Dumbbell chest workout

There are two basic types of dumbbell chest exercises, both of which should be part of your chest workout at home: presses and flies.

The bench press has long been a staple of bodybuilders and is generally considered the gold standard of chest exercises. In the dumbbell version, you’ll begin by sitting on your weight bench, grasping a dumbbell in each hand. (If you don’t have a workout bench, you can perhaps improvise with an ottoman.) Next, lie back on the bench. Your upper arms should be perpendicular to your torso and your elbows should be bent approximately 90 degrees. You’ll raise the dumbbells straight up and slightly toward the center, moving them slowly, evenly and with control before lowering them back to the starting position.

Depending on your experience and any physical limitations you may have, you can modify this exercise in various ways. For example, if you have shoulder problems, it’s best not to allow your elbows to drop below the level of your torso, as this can put additional strain on your shoulders. If the problem is severe, you can even do dumbbell presses on the floor. However, if you allow your upper arms to lower all the way to the floor, you’ll sacrifice the constant tension on the chest muscles, which is one of the factors that make chest presses such an effective exercise. You can also vary your hand position, holding the dumbbells with your palms facing your feet or facing inward. If you have back problems (or if you want to avoid involving your legs and back), you can place your feet on the bench or even cross your legs at the shins, raising your upper legs at an approximate 90-degree angle from your torso and bending your knees.

One of the best exercises for isolating the muscles of the chest is the fly. As the name of the exercise implies, it imitates the motion of a fly’s wings. You’ll perform the exercise lying face up with a dumbbell in each hand, palms facing up and arms extended perpendicular to the body, forming a T. Keeping your arms straight, but without locking your elbows, you’ll raise the dumbbells until they meet above the center of your chest and then lower them slowly and with control back to the starting position. Like presses, this exercise can be performed on a bench or on the floor.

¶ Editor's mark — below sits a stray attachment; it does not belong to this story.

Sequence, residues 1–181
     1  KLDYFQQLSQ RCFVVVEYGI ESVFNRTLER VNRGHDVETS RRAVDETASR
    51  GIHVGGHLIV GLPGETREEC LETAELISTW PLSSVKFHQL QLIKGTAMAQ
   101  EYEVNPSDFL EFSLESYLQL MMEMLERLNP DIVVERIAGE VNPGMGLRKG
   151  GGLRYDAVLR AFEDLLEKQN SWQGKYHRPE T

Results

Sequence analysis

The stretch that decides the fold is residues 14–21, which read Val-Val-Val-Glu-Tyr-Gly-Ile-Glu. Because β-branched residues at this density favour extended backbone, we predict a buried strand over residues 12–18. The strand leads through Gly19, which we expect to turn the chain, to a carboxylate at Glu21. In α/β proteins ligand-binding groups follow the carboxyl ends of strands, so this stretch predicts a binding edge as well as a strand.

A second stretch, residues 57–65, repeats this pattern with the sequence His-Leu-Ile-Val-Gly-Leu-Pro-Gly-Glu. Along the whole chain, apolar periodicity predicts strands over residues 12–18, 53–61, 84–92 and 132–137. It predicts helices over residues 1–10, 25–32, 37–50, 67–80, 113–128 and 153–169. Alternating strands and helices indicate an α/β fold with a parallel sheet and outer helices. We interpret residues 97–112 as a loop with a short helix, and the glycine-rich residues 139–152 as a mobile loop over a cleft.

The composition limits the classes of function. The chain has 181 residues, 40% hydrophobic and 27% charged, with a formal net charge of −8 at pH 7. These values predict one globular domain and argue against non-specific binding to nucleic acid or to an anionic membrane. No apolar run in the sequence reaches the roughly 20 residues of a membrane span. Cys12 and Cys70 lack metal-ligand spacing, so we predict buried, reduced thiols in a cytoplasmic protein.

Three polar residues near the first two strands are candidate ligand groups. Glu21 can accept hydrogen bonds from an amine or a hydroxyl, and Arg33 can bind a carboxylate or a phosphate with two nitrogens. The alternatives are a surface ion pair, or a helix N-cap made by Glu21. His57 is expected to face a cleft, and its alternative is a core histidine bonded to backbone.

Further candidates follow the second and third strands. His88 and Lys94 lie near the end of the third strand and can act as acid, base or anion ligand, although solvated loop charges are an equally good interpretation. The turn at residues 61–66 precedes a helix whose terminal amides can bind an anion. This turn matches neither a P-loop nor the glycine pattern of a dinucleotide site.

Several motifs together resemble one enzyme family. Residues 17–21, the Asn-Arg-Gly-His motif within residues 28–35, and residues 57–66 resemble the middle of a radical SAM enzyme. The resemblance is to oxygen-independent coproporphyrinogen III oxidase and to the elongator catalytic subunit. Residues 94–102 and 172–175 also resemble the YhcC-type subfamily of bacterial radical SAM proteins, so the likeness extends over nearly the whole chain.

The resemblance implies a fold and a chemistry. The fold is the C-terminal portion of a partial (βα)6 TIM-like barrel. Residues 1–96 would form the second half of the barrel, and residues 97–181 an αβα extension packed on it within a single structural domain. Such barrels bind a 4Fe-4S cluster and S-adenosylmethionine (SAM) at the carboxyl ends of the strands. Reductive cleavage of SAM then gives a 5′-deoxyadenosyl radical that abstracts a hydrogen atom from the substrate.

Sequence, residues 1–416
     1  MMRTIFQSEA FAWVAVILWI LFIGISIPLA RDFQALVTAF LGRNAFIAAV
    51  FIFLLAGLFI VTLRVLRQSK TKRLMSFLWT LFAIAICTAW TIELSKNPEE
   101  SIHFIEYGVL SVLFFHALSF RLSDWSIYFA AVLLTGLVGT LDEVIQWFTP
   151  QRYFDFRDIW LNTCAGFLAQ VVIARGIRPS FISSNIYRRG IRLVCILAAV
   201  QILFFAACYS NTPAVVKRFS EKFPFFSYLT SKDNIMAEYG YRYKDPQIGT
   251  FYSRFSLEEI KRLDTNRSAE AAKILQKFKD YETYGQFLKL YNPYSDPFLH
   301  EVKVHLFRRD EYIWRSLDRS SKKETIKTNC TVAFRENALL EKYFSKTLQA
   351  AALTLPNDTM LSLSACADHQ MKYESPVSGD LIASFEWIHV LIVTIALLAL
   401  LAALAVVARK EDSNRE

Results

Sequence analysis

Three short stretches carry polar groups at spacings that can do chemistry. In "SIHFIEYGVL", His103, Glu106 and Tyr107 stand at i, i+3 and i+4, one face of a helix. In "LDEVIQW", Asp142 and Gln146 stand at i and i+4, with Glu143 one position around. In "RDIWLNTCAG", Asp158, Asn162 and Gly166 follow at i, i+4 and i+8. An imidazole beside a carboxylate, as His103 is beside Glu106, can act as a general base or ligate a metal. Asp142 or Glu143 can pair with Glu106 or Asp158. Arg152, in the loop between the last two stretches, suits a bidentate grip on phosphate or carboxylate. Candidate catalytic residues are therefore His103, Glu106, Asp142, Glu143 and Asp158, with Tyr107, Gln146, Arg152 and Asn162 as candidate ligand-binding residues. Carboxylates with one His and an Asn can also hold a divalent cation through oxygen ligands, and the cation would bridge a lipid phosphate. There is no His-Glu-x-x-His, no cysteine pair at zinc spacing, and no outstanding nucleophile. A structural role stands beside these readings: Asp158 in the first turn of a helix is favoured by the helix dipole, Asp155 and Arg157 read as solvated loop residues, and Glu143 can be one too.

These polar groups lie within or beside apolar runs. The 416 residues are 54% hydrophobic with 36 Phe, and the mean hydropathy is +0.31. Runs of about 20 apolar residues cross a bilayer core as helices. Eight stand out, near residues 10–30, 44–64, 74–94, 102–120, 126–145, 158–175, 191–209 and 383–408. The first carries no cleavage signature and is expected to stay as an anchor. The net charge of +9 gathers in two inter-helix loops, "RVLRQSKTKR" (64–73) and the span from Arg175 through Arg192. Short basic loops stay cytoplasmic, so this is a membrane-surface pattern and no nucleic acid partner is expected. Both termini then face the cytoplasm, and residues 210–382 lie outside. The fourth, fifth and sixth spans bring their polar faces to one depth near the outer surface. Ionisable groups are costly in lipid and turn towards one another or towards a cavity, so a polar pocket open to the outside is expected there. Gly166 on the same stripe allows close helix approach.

If you’re using an adjustable bench, you can perform both types of dumbbell chest exercises from an inclined or declined position in order to target your chest muscles in different ways.

Need help with your chest exercises at home?

Descriptions of exercises can be confusing, but not to worry! If a picture is worth a thousand words, a video must be worth tens of thousands at least! Luckily, Shape Shifters offers over 20 hours of video workouts led by a certified personal trainer. With programs focused on athletic conditioning, boxing and full-body high-intensity interval training (HIIT), you’ll have no trouble putting together an effective chest workout at home, regardless of your fitness level, goals or interests, whether you have the equipment to perform a dumbbell chest workout or nothing more than your own body weight. At only $12.95 per month, this program is well worth the money, so why not sign up for a free 30-day trial today!